Thursday, 6 February 2014

Reading Lists

Beautiful Ruins book by Jess Walter

I've decided to blatantly rip off my lovely friend Jo and record what I read every month right here on my blog. This is in part because books are so important in my life, and also because for my last birthday I received a Kindle from my lovely Muthas.

I was a bit unsure at first. Could I really enjoy a book if I couldn't hold on to it - admire the cover, rest a coffee cup on it, fold page corners and break spines? I adore the books I have but I don't treat them particularly well (unless they're from the Library!). In years to come, when I pick up a well read favourite, it won't just be the story that speaks to me, but the creases and stains, the little notes from the kids used as bookmarks or the occasional receipt for mundane essentials, that stir the memories. A book is a very special thing.

Five months on from receiving my Kindle and after a very slow start, I'm hooked. Yes, the ease and convenience of buying cheap books while I lie in bed, and being able to read them immediately, has won me over. The flat, dull screen can't compare to a book's pages, but it doesn't have the glare that comes with phones or tablets and it is very kind to my eyes. Yeah, page turning with a clicky button isn't great, and I have a few other niggles, but this isn't a Kindle review.

What I am hoping to do though, through recording the books I read on a monthly basis, is hold on to a few of the memories. This is a place to record my favourites, make recommendations and highlight the little details that have made each book memorable. So here goes with January's reading list.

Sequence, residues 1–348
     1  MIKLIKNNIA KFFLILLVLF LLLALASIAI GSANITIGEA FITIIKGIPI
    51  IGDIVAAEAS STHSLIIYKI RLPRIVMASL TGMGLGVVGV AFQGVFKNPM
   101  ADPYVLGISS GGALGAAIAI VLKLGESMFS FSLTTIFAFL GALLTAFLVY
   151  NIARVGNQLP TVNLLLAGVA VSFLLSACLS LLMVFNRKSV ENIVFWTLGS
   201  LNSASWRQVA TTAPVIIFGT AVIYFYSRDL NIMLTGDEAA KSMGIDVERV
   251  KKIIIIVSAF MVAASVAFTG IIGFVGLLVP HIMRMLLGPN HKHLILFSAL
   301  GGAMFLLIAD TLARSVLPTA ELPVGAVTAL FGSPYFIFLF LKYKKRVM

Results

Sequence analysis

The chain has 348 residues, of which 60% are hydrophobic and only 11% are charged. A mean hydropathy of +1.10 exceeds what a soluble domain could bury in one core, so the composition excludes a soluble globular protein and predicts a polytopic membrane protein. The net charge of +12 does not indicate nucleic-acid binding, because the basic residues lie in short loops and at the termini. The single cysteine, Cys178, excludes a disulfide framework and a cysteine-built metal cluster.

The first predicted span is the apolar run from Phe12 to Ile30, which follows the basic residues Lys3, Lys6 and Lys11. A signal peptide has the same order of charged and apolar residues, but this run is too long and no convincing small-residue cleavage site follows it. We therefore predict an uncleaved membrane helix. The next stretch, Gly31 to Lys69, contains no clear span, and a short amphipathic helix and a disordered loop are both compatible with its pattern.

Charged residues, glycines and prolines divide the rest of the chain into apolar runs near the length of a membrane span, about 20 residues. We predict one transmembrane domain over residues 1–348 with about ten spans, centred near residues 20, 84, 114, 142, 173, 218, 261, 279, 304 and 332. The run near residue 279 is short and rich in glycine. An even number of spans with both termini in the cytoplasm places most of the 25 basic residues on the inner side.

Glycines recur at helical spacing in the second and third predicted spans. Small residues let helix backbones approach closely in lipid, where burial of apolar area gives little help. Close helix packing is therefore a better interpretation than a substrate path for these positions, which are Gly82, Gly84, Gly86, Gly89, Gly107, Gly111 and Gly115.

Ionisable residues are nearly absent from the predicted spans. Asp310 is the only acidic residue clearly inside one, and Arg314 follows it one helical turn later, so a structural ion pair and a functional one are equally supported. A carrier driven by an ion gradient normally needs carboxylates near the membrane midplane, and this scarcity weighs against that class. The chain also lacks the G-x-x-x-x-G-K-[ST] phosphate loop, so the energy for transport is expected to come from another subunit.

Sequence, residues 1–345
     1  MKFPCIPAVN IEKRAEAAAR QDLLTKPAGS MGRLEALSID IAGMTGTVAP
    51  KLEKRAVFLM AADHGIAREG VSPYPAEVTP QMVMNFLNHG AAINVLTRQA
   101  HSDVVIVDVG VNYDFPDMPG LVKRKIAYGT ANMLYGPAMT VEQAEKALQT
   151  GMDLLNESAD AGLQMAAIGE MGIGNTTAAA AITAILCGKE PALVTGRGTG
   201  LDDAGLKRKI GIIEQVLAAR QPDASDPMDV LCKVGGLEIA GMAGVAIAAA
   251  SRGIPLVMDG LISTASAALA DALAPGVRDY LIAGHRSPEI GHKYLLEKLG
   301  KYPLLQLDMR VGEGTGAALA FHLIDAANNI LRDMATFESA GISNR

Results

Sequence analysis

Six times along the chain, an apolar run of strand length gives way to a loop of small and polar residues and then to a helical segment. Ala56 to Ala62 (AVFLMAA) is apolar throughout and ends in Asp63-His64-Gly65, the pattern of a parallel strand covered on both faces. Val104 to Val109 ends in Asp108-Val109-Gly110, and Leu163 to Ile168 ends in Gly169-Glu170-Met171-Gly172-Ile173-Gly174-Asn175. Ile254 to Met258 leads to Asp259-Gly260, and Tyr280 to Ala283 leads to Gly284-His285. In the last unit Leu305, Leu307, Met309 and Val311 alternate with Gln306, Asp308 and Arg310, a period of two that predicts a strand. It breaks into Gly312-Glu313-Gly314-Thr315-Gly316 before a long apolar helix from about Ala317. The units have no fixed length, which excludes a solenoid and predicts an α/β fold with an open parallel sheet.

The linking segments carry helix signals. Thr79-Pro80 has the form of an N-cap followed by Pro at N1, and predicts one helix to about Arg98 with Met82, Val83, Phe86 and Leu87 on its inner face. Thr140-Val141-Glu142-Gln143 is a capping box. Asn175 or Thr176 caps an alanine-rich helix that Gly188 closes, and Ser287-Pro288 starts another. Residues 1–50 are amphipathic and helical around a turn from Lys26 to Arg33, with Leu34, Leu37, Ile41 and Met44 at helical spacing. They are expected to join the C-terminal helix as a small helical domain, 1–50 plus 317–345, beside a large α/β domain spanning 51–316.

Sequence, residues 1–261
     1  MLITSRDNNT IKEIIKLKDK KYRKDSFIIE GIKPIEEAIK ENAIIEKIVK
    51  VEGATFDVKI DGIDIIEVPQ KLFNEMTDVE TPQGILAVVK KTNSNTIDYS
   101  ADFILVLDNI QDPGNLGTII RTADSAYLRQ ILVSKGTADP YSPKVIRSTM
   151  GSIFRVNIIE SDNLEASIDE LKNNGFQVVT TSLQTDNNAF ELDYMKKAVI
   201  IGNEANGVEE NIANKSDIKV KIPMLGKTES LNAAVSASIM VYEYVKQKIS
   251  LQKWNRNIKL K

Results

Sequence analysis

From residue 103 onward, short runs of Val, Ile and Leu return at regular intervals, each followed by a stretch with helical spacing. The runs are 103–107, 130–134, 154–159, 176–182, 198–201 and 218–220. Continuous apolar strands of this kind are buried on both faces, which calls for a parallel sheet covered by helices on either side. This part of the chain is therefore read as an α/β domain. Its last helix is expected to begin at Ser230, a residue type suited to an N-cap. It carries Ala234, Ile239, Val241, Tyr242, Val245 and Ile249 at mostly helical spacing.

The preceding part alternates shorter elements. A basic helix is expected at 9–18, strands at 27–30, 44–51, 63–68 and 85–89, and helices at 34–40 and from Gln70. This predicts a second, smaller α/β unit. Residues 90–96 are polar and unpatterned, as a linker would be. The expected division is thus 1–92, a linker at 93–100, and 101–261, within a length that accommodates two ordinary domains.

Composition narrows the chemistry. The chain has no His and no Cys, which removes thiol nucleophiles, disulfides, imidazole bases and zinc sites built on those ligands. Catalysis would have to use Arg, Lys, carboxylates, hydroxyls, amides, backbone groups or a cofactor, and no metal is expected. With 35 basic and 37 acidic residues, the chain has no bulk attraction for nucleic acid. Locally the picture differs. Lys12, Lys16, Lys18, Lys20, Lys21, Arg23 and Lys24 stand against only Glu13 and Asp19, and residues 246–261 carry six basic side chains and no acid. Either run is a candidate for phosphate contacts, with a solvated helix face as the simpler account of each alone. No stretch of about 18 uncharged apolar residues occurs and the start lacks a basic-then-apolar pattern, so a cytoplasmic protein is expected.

Don't Eat Cat - Jess Walter - a Kindle Single by the author of the above pictured book 'Beautiful Ruins', which was one of my favourite reads of last year. This is completely different to that book. It's a dark, funny, dystopian zombie short that kick-started my New Year (and established a theme for the month). Planning to read more of Mr Walter's work.

The Hunger Games - Suzanne Collins - Started late New Year's day and finished by the next morning. I became so obsessed with the series that I hardly slept....great holiday reading.

Catching Fire (The Hunger Games Trilogy) - Suzanne Collins - My favourite of the three and devoured in the same way as the first.....

Mockingjay (The Hunger Games Trilogy) - Suzanne Collins - I felt bereft when I'd finished. Such a great story. Simple prose, with many twists and turns. So pleased that someone is writing strong female characters that young people can identify with. And I have to admire a writer that can get me to enjoy a story about children killing each other!

The Invisible Circus - Jennifer Egan - Another favourite from last year was Egan's 'A Visit From The Goon Squad'. I love her writing and this book, her debut, is a coming of age story that takes place in the US and Europe. It was an emotional, beautiful read. Loved the sex scenes too ;)

Positron : Episodes 1-3 - Margaret Atwood - Oh yeah, straight back to dystopia! Nice short reads, amusing and horrific as you'd expect. Already read episode 4, but that's for next month!

Rooftoppers - Katherine Rundle - Started reading this to the kids at the end of January and haven't finished yet but I couldn't not mention it. So brilliantly, beautifully written. The language is so striking. It has started many conversations about words or situations, history or convention. There's something of the Pippi Longstocking about it. My kids love an orphan's story!

Rooftoppers book by Katherine Rundell

1 comment:

  1. I was sent Rooftoppers as a gift.It recounts the story of Sophie,a little girl who is found after a ship sinks in a cello case by a kind man called Charles,who takes her in.Sophie is an astonishing little character,exceptionally flexible and feisty,yet she aches to discover her mum,who she accepts was the cellist on the ship.This was a pleasant read, suitable for bookish youngsters.Have a great day.@Sylvia Powell.